Volume VII: Heritage PorkFor this issue, we thought we’d compare and contrast two heritage breeds currently taking the Ontario scene by storm. The most notable Ontario heritage pig breed has got to be Tamworth, but lately, a fuzzy pig called the Mangalitsa has been rising in the ranks. More on this oddity later!
Tamworth pigs are known for their ginger coats and ability to withstand harsh winters, however, they are also at risk of disappearing. Luckily for them (and us!), Ontario heritage pork farmers are beginning to revive this threatened breed. Hailing from Tamworth, UK, “the red pig” is hardy, dense, and thrives best in a free-range environment — an environment that doesn’t coincide with most modern industrial rearing practices, and has lead to the breed’s international population decline. Since making it’s way across the pond, a handful of dedicated farmers like Kingsholm Farms of Campbellford, and Harley Farms of Peterborough, are ensuring the Tamworth species can live on with sustainable and stress-free farming practices. Tamworths’ unique combination of genes has made is remarkably (and naturally) disease-resistant! So that means you’re basically eating “super bacon,” right? This breed, similar to other heritage breeds, also grows at a much slower rate, before reaching a market-ready weight, so they enjoy longer and happier stress-free lives.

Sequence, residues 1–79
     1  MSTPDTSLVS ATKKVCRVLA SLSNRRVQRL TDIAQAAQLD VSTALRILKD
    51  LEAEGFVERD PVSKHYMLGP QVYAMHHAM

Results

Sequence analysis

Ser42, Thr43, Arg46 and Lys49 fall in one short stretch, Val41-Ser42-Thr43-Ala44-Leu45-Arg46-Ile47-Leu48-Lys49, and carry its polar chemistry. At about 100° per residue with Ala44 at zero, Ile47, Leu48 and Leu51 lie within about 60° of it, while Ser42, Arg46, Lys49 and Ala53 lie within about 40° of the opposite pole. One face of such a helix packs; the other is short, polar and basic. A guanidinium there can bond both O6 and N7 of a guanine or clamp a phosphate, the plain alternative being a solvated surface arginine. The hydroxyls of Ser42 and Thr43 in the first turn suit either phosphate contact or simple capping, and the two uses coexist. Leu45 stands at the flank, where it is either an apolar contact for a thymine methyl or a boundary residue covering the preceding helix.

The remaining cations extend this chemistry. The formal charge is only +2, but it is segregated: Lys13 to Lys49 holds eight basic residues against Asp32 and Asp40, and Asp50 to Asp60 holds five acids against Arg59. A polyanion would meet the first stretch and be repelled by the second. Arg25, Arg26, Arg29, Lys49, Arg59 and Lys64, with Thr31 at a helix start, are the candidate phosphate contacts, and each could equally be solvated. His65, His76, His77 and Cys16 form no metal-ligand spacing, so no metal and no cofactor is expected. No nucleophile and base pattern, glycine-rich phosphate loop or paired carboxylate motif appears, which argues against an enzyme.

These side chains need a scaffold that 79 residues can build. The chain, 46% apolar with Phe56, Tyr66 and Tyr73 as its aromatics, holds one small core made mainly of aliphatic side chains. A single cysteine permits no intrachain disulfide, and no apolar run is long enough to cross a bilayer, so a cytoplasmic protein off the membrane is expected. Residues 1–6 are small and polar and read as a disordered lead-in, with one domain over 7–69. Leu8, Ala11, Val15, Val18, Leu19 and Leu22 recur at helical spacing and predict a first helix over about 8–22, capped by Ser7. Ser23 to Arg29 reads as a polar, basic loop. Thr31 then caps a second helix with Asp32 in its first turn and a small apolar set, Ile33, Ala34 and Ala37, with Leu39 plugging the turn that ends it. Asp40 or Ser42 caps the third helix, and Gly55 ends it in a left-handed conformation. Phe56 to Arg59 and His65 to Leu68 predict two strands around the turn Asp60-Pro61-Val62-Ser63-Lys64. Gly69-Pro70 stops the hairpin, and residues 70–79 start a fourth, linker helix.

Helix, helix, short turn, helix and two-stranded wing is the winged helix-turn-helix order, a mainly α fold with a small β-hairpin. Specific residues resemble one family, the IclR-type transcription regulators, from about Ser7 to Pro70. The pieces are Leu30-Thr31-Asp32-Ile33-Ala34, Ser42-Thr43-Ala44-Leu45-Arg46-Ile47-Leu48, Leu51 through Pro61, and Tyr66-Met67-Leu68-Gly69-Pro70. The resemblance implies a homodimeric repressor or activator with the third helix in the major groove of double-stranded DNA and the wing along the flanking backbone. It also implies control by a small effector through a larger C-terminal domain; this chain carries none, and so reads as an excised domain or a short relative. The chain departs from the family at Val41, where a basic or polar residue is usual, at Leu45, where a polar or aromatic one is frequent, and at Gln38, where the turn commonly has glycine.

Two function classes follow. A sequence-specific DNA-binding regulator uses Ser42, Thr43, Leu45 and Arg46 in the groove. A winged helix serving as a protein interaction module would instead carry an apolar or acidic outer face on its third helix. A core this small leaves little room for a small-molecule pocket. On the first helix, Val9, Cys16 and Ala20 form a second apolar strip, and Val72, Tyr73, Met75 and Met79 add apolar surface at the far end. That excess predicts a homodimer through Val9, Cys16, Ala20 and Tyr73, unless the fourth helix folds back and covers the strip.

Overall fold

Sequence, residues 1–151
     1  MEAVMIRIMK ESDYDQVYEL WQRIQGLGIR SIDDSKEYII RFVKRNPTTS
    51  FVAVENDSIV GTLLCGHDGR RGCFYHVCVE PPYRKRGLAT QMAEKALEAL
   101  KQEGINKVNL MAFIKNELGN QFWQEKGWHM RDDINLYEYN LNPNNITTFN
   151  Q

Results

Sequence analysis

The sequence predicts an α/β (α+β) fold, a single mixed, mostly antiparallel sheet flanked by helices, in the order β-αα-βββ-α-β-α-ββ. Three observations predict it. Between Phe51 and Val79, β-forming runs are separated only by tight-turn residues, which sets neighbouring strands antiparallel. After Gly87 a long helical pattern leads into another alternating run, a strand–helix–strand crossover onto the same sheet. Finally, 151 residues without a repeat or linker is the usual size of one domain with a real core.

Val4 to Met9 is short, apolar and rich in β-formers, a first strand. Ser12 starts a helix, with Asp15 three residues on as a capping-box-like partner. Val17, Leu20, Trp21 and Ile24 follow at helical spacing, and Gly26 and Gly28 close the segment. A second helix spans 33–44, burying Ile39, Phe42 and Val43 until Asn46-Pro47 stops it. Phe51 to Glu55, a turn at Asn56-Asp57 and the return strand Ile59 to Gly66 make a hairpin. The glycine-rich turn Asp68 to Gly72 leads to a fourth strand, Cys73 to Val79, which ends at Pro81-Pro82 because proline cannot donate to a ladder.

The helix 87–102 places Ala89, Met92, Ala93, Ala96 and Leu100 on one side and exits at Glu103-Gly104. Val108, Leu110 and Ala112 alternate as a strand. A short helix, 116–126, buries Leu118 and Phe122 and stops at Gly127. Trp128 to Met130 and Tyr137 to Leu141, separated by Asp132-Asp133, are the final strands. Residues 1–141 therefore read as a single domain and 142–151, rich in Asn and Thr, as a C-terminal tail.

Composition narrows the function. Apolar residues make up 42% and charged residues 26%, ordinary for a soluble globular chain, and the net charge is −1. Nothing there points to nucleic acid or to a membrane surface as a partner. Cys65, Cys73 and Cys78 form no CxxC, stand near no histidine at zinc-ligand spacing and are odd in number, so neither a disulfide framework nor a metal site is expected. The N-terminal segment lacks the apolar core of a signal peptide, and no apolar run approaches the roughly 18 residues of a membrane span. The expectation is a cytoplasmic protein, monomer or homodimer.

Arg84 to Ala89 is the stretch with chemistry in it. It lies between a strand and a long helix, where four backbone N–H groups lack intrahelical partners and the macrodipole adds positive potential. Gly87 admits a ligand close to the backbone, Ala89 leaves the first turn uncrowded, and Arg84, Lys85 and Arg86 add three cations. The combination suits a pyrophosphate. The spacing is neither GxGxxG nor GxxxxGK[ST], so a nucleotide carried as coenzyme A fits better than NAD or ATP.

Best spot to find it: Two Toronto-based butchers come to mind. Bespoke Butchers in Liberty Village typically have it on hand, as do the folks at Sanagan’s Meat Locker in Kensington Market. Producer who does it right: MacLachlan Meadows‘ entire farm is devoted to free-range and pure bread Tamworths. Check out their Facebook page for farm news and to see their very happy (and very cute) piglets in action. We really love it: Simple: it’s best and most common form, bacon! Enjoy it with some Ontario free-range eggs and homemade hollandaise for a guilt-free, free-range eggs benny.
The Mangalitsa PigOriginally born and bred in Hungary, the Mangalitsa pig is most known for its curly, dense coat of hair and extremely high fat ratio — making it one of the richest and most sought after hogs you can find. The breed has since made its way from Europe to North America, where artisanal farmers like Sonrisa Farms or Pelham’s Sylvania Farms have made rearing the Mangalitsa and other heritage breeds their livelihood. The taste sets it apart from other pork breeds, so much so, that the Mangalitsa has been declared “the Kobe Beef of pork,”. It’s allll about the fat, and there’s plenty of it. Oh, and those crazy Mugatu-esque curls are pretty special, too!
Best spot to find it: Straight from the farm or at innovative Feast On? designated restaurants like Le SA�lect Bistro — which happens to be the host for this year’s Grande Choucroute! Producer who does it right: Sylvania Farms is the “Home of the Canadian Manglitsa”. They’re Feast On? preferred purveyors who raise a number of heritage species at their Niagara region farm. We really love it: As charcuterie — Mangalitsa pork is ideal when cured because it has an incredible depth of flavour. In fact, it’s so good, that we’ve made an entire two-day event to celebrate it! Pigstock 2016 is an opportunity for chefs to learn whole animal butchery techniques, and for foodies and pork-enthusiasts a like to eat Mangalitsa charcuterie prepared by some of Ontario’s best Feast On? chefs.